German native Thomas Bücker's repertoire has been characterized by the fine craft of sampling. Beginning in the late-'90s, he constructed a hyperactive brand of IDM under the alias Jean-Michel. Months before the release of his 30 Sec. split with Quappen (an album of 60 30-second tracks evenly divided between the two projects) Bücker was within reach of larger appeal with a contribution to the Björk Army of Me remix album, attached to the name Beats Beyond which offered a similar approach. Other than being the URL for his online directory, the name has since never been used, and Jean-Michel albums continued to surface.
A year before Jean-Michel's latest album came the the eponymous debut of Bersarin Quartett, a project that was remarkably unalike his back catalog. Though not accompanied by another three, Bücker used his intent sampling comprehension to repurpose excerpts of classical music and elaborate upon them with subtle touches of electronics. The result of Bersarin Quartett was a spatial breeding ground for ambient, chamber music, and downtempo. As outstanding as it was, it didn't come completely out of left-field, for it garnered apt comparisons to the minimal techno of Murcof and the "nu jazz" tag often ascribed to his Denovali labelmates in the Kilimanjaro Darkjazz Ensemble.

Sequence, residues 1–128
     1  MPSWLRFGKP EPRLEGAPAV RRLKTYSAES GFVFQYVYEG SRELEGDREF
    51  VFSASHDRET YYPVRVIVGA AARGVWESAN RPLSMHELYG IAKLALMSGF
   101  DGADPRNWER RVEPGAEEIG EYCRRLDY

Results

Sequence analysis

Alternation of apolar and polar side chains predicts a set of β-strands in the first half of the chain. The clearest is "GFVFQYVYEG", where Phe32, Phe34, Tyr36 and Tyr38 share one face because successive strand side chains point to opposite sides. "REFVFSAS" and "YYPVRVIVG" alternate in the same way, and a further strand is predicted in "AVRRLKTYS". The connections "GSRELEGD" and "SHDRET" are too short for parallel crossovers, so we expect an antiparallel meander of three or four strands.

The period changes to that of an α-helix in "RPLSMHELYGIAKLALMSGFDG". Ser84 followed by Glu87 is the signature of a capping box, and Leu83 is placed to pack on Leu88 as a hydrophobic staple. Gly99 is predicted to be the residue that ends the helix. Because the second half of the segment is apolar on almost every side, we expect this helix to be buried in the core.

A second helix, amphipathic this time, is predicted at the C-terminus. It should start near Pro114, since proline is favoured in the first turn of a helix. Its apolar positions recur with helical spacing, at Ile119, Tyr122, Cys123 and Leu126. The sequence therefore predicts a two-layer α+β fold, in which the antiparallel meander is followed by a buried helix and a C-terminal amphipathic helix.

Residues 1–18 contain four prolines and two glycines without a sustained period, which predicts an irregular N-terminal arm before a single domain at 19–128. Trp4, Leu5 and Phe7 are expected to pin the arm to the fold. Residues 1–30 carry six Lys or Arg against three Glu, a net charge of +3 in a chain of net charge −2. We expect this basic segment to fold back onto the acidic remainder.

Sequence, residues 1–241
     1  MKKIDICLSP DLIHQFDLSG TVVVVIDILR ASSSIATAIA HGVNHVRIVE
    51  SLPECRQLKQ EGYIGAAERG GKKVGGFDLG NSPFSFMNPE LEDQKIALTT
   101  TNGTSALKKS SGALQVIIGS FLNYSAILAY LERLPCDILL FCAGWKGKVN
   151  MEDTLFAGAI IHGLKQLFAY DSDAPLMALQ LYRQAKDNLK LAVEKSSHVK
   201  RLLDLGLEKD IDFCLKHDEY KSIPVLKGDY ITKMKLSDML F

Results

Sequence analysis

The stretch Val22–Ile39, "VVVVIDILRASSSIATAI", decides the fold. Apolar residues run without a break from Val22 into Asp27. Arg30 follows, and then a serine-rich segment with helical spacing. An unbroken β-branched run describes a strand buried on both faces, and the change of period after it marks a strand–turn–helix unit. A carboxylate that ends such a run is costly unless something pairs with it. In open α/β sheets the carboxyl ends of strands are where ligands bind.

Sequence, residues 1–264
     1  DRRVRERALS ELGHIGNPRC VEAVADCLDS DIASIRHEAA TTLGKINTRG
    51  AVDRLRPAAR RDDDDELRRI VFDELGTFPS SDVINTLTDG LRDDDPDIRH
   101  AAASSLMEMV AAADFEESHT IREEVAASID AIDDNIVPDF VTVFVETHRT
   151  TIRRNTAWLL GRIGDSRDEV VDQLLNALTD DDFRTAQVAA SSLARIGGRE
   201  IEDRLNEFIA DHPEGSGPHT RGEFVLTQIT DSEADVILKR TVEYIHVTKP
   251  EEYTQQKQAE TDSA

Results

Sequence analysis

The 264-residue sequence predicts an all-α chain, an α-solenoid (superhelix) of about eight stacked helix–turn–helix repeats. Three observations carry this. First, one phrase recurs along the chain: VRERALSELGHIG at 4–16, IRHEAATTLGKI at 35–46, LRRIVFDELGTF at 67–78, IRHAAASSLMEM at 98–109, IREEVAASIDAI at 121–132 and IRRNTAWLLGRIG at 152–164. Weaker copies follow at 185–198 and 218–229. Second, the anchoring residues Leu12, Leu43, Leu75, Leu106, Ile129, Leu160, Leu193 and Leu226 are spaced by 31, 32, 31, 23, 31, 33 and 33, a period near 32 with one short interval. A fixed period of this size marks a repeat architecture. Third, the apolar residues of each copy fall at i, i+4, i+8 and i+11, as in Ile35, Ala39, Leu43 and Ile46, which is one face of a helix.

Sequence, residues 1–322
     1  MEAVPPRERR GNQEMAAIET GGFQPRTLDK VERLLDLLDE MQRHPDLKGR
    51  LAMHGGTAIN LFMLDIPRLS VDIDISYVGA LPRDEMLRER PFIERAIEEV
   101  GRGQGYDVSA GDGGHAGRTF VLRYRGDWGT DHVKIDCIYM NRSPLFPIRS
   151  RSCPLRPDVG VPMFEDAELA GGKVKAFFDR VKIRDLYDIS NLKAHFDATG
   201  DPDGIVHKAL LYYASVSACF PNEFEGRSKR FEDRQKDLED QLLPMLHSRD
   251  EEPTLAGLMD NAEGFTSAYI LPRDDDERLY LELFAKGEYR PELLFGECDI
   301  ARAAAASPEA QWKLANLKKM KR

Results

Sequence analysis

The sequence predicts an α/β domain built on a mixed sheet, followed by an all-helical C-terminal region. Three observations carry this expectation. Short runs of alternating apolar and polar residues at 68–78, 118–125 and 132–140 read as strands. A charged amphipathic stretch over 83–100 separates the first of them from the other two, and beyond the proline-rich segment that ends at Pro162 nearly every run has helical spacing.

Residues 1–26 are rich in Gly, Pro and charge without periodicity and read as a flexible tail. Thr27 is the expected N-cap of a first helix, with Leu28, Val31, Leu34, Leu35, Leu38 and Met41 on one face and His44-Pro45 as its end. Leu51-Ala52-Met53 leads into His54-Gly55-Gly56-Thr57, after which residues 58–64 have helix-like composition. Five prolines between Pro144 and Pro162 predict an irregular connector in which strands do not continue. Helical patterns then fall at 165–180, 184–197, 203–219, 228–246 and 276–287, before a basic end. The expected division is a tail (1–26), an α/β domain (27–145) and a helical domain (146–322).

On his second outing as Bersarin Quartett, Bücker has honed the venture even further, leaning more closely to ambient and neo-classical than ever before. Murmuring keys and dramatic string wells underlie the introductory "Niemals zurück" as they're punctuated by percussive echos and a striding snare. Most reflective of preceding IDM efforts is "Der Mond, der Schnee und Du", which is driven by an elastic foundation of cymbal reversals and sunken bass. A warm phrase drifts on a bed of hiss and dissipates throughout "Hier und jetzt", towards its close led by a splashy rhythm. The curtain closes with the blissful climax of "Nichts Ist Wie Vorher", adorned with moving strings, glacial drums, and whistling keyboards. The flow of Bücker's compositions is meticulous, not mechanical.
For its length, II has absorbed pacing. Each of its 13 tracks pensively develop, but no apex is alike another. "Zum Greifen nah" quivers and sparkles, while the ascending chords of "Im Glanze des Kometen" are guided by chasmal frequencies and ghostly pulses. Since the days of Jean-Michel, Bücker has summoned himself to weave stirring soundscapes together with fewer materials. Bersarin Quartett expanding upon its vast sound feels inconceivable, but II reaches even loftier planes of opulent euphoria.
[Bersarin Quartett Website]
[Buy II from Denovali Records]